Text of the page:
Sea Urchins Chow Down to Save Hawaii Coral Reefs

Sea Urchins Chow Down to Save Hawaii Coral Reefs

March 3, 2017

Can tiny sea urchins save a Hawaiian coral reef? In Oahu’s Kaneohe Bay, with a little help from restoration experts, it appears they can.

For decades, Kaneohe Bay has been plagued by invasive algae that blanket the native coral reefs, blocking the sun. With our partners, we developed two methods to destroy the invaders: vacuuming them up, and releasing hungry native sea urchins to munch them away.

Hundreds of thousands of baby Hawaiian collector sea urchins have been released into targeted areas of the bay to gorge on the algae invaders. Although native to the bay, the collector sea urchin population was too low to battle the invasive algae. Officials developed a sea urchin hatchery in 2011 to help grow the urchin population and combat the algae issue.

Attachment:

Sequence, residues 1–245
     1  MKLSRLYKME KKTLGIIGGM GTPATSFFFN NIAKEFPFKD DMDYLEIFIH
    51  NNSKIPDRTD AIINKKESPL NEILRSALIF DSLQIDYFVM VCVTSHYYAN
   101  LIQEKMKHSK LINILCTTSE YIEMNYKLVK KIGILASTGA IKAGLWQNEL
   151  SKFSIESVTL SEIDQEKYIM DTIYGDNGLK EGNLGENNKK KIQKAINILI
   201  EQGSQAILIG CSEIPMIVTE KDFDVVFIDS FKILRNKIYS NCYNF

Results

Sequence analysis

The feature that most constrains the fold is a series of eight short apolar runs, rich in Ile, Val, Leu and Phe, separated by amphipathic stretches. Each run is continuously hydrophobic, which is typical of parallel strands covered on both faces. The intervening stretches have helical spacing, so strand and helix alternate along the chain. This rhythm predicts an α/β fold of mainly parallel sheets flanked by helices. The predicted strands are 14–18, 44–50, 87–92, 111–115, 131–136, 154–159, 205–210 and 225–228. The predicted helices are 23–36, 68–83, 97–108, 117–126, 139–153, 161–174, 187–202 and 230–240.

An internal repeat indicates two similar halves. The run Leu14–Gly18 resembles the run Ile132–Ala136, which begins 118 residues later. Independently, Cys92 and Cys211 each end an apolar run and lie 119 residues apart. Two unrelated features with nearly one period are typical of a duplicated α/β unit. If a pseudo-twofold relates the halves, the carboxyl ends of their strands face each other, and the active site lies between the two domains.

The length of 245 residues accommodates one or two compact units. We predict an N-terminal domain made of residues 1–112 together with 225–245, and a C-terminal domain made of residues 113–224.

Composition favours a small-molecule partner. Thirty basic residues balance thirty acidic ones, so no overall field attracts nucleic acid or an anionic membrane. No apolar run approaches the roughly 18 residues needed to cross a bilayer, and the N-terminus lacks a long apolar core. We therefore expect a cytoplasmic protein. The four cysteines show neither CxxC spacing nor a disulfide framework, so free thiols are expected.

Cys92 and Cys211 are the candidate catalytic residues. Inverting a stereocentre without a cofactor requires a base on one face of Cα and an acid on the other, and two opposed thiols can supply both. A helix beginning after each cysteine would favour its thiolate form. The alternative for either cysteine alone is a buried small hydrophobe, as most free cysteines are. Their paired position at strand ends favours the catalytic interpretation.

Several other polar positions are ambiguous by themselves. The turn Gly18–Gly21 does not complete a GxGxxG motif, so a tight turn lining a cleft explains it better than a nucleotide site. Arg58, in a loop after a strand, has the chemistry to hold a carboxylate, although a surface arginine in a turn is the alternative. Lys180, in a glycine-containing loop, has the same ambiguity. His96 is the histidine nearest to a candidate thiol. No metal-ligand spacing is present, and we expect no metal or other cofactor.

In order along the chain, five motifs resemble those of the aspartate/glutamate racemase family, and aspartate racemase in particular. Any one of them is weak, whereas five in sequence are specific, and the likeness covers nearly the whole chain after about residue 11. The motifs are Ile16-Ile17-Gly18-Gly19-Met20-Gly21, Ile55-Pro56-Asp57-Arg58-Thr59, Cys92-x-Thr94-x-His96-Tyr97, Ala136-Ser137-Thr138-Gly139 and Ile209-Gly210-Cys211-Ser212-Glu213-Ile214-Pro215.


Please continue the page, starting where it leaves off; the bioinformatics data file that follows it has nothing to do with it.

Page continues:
The State of Hawaii Division of Aquatic Resources, the Nature Conservancy and NOAA created the Kaneohe Bay restoration plan. Funds for the project came from the settlement of the 2005 grounding of the ship M/V Cape Flattery on the coral reefs south of Oahu. Learn more about this project through a video on the creation of the sea urchin hatchery.

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